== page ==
I don't have any reason to doubt he's done these things, but my question is, what can I do to get him off of his profile? He has told me he wants to wait longer to see if his knees are truly healed, but I think at this point he's just holding on to the profile so he doesn't have to run the PT test.

What are my options?


It is usually the norm that profiles are kept in the orderly room. Command should have the hard copies.
I have a copy of his profile and it says he can run, he just can't do the PT test run.

I have researched this more and according to the regulations the Commander can ask for a reevaluation. I've already grabbed pictures of his Facebook posts where he says he is running and I plan on talking to legal tomorrow to see what can be done.

I'm afraid though that he'll get reevaluated and tell the doctor his knee still hurts and perhaps not mention how much he is running, thereby getting his profile re-approved.
Good god, since you are an expert Facebook troll you should counsel him and tell him he has 30 days to be reevaluated. If he doesn't, take it up the chain. I don't understand what the huge deal is though. Obviously he was injured enough to get a permanent profile so just let him do his thing and all will be good.
quote:
Originally posted by LuckyLu:
NCOs,

I have a Soldier who received a permanent profile a year or two ago and at the time he was having knee pain issues. Over the last two years he has successfully rehabilitated and is now running more than most other guys in my section. He has made some posts on Facebook about him running eight miles in an hour, running a 13:15 two mile, and other impressive accomplishments.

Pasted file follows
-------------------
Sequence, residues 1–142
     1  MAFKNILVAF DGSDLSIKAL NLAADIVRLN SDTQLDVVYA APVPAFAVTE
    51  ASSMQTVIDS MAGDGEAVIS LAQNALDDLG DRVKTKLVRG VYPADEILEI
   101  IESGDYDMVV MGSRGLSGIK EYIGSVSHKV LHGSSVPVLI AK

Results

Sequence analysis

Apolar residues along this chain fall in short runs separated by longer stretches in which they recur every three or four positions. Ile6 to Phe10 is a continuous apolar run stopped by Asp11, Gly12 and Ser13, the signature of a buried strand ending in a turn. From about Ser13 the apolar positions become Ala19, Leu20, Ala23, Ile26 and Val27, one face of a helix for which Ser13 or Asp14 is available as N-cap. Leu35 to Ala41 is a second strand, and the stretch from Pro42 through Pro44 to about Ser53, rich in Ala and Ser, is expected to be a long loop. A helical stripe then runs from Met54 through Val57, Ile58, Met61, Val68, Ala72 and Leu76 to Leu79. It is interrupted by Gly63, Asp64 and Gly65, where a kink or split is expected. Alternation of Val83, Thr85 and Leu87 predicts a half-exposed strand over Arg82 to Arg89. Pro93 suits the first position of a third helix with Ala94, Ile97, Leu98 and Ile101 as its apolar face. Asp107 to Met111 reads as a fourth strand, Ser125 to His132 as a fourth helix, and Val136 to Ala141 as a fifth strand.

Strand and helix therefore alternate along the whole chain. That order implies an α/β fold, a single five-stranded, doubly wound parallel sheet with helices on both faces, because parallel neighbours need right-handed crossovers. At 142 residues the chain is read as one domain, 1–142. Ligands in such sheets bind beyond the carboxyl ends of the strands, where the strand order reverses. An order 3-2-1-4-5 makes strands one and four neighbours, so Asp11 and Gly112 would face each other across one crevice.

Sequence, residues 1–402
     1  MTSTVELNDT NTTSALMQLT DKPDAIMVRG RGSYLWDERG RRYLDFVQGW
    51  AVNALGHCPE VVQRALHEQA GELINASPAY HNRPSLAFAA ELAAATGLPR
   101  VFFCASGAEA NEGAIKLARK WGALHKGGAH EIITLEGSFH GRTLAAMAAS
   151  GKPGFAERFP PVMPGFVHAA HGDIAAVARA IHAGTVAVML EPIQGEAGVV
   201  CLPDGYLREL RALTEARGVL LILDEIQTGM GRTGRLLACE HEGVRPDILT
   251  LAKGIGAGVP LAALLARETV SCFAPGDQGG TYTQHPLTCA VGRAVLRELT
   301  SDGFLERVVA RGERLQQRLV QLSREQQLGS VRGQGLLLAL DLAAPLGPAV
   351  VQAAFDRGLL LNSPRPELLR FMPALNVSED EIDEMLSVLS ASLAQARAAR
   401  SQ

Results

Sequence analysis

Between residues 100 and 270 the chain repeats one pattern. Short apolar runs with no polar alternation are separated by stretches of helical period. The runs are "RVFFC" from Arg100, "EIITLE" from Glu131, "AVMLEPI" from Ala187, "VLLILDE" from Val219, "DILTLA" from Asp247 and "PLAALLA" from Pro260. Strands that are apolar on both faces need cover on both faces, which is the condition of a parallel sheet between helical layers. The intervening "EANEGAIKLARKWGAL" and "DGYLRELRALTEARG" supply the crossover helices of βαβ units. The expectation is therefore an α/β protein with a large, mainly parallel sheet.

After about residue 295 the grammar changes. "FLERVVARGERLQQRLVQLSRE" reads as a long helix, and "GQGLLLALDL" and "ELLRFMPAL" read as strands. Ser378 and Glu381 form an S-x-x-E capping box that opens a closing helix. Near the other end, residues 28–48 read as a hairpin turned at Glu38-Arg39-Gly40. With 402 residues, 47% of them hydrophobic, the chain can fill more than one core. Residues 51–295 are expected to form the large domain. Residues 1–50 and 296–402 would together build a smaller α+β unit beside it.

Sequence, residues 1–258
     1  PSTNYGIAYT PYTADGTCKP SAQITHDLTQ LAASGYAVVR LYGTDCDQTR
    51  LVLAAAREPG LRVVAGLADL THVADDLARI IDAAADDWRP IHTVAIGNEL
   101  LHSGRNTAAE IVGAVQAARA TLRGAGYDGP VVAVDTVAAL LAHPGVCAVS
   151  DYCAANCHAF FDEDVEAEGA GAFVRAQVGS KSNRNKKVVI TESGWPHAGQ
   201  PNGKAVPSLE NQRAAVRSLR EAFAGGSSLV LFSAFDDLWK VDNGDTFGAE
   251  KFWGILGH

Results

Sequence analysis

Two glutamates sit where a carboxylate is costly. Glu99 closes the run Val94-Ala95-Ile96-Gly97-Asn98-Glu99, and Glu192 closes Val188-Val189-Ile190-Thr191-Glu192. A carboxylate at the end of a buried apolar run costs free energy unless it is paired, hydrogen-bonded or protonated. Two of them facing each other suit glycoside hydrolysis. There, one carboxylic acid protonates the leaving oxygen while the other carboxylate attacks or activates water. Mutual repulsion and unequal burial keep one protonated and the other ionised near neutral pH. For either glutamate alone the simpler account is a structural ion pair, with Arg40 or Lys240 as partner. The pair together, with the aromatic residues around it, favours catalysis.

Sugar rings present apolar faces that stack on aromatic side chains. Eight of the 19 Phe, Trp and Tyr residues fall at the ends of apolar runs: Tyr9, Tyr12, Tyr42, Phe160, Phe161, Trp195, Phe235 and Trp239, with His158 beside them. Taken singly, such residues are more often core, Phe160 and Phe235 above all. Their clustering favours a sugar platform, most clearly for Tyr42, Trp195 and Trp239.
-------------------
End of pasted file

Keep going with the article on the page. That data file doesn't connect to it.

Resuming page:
I don't have any reason to doubt he's done these things, but my question is, what can I do to get him off of his profile? He has told me he wants to wait longer to see if his knees are truly healed, but I think at this point he's just holding on to the profile so he doesn't have to run the PT test.

What are my options?


why do you think he doesnt want to run his PT test? He runs 8 miles in an ahour, can run 2 in 13:15, but you somehow think he wants to walk 2.5 miles? Either way, I would tell him he needs to go see his primary care provided to start the paperwork to get off profile, if he says no, talk to the Commander about him malingering....
quote:
Originally posted by erikwithak86:
Why are you friends with your soldiers on facebook anyways?

I'm with sprat2 on this one. If he can run 8 miles in one shot or run a 2 mile in 13:00, who cares, he's obviously in shape.


Maybe this Soldier does not have his profile blocked so he can just search for him and look at his pics...
The Soldier's profile is valid for 5 years. You do not know the the status of his knee and the information that communicated between him and his provider.

I know a Soldier that had a P2 (received two PHs in combat) and decided to run but the P2 remained. I will suggest that you talk to the Soldier about his future intent on his knee and if his intent is to remain walking then leave it as that.

I have a P2 profile and afforded to walk. On some days the pain is minimal or not there on runs and some other days there is excruciating pain after 1/4 of a mile. The profile that is provided by the Medical Provider serves a purpose or it would not have been issued in the first place.